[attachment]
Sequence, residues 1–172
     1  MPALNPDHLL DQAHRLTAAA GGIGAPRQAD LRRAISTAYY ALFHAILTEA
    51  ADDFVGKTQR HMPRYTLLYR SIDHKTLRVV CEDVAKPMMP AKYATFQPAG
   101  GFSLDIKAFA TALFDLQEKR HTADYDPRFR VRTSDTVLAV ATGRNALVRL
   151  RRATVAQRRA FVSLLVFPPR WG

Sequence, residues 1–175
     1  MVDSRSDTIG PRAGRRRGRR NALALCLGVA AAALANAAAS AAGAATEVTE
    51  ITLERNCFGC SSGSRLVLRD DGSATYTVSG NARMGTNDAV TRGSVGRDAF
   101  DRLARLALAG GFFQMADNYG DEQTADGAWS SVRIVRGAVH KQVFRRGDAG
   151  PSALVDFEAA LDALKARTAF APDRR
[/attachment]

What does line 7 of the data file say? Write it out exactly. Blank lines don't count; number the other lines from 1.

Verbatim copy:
     1  MVDSRSDTIG PRAGRRRGRR NALALCLGVA AAALANAAAS AAGAATEVTE